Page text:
21 Octobre 2012
TOKYO (Kyodo) -- Hokkaido Electric Power Co. said Friday that demand for electricity may exceed supply by up to 10.4 percent in winter if unexpected problems occur at its major non-nuclear thermal power plant or other power generation facilities.
As the power transmission line connecting Honshu and Hokkaido has a limited capacity, the government will consider setting a goal asking people and companies in Hokkaido to cut power usage by around 5 to 10 percent compared with maximum demand in fiscal 2010, according to sources familiar with the matter.
Hokkaido Electric presented the power shortfall estimate during a government panel meeting looking into power supply and demand in winter, with most of Japan's nuclear reactors expected to remain offline amid strong public concern over their safety in the wake of the Fukushima Daiichi nuclear plant disaster last year.
The utility lost 960,000 kilowatts of power supply capacity in the previous fiscal year because of simultaneous problems in power generation equipment.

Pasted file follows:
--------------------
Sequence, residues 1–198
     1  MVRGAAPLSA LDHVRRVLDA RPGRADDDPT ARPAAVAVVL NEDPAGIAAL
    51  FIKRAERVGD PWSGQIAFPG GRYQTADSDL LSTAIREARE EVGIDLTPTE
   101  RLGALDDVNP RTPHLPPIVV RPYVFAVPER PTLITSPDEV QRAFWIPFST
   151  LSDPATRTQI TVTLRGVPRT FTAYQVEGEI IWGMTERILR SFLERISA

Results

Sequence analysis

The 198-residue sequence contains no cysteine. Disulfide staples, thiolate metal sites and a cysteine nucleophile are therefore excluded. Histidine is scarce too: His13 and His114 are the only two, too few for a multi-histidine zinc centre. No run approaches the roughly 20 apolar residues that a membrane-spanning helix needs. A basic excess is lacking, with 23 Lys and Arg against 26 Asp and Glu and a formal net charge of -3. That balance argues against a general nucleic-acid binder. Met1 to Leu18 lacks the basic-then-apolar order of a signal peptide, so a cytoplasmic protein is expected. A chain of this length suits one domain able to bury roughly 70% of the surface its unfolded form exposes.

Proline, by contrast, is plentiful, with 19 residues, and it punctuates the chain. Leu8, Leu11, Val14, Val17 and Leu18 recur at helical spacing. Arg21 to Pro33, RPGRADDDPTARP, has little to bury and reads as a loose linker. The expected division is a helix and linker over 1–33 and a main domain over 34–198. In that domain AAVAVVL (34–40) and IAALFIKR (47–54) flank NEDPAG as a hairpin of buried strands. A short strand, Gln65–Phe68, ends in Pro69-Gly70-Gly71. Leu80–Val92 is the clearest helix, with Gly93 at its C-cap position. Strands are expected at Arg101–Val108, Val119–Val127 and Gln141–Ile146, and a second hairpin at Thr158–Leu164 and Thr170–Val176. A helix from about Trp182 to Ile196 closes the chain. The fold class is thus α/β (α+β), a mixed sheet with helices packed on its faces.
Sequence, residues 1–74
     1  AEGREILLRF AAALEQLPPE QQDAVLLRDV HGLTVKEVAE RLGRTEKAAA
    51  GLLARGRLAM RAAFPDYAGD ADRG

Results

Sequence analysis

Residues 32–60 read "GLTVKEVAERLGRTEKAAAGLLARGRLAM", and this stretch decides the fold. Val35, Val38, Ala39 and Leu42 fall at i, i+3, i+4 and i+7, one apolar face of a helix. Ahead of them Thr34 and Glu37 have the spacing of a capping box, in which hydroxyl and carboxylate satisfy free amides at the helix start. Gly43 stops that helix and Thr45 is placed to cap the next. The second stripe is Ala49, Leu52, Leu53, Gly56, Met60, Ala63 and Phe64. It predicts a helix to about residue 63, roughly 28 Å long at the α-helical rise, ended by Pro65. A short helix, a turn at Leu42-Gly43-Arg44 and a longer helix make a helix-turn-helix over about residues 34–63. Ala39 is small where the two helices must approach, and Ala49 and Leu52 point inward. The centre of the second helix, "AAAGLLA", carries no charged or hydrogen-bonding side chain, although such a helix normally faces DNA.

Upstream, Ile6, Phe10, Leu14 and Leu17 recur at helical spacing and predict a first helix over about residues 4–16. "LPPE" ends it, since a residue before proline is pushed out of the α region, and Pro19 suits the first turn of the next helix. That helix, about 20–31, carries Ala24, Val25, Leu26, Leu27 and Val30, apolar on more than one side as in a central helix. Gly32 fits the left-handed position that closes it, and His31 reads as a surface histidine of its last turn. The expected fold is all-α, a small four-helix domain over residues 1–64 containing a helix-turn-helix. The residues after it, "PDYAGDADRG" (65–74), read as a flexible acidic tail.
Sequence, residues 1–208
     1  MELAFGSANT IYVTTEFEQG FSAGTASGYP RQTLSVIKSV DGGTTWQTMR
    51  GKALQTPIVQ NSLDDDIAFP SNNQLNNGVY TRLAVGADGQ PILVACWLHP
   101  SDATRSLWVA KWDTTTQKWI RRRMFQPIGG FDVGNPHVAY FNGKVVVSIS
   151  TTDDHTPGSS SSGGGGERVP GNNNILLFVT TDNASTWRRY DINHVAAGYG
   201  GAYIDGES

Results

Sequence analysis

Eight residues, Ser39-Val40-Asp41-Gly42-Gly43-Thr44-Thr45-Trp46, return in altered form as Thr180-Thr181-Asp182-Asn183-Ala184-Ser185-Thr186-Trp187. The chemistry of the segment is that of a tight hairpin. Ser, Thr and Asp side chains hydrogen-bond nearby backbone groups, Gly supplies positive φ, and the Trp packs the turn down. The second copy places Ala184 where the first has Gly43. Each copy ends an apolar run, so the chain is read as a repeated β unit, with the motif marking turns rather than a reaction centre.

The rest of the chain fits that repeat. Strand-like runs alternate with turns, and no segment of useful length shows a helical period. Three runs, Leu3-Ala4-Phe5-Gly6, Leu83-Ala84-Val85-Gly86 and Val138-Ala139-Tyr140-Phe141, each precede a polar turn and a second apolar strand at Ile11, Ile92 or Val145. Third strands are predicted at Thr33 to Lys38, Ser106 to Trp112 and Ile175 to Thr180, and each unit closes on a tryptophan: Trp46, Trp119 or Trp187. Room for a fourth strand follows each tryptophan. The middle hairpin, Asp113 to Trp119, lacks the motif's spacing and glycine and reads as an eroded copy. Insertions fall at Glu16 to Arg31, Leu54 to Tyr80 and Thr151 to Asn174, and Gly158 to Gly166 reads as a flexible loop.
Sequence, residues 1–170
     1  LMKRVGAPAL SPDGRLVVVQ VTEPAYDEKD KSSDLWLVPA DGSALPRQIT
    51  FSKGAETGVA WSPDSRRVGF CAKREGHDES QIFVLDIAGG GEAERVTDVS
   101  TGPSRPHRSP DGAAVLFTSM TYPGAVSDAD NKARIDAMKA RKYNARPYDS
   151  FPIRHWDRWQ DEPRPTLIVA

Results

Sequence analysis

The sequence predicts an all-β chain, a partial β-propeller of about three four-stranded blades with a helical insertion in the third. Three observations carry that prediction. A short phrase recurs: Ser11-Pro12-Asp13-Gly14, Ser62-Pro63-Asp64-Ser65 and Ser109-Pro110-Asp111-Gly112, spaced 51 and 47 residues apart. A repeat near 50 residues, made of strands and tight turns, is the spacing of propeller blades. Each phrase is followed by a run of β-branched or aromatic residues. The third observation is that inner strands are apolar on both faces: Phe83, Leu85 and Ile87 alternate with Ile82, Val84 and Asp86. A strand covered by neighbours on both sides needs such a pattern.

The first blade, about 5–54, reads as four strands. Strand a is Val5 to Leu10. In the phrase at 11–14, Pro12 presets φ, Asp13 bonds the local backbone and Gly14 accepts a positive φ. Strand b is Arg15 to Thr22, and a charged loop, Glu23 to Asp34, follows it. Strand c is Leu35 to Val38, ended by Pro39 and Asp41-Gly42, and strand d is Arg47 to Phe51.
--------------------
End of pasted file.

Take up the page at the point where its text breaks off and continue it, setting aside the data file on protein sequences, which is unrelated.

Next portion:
If such an incident recurs, the utility could face a maximum power shortfall of 10.4 percent this winter, and even if it receives power from Honshu, demand could still exceed supply by 0.4 percent.
Without supply problems, the utility estimates its supply capacity will exceed demand by 6.7 percent in January and 5.8 percent in February -- both above what is seen as the minimum required level of 3 percent.
As for the service areas of eight other Japanese utilities, the government may not have to set numerical power-saving goals. Okinawa Electric Power Co. is not subject to such power-saving efforts because it does not rely on nuclear power.
See also Hokaido Electric warns of shortages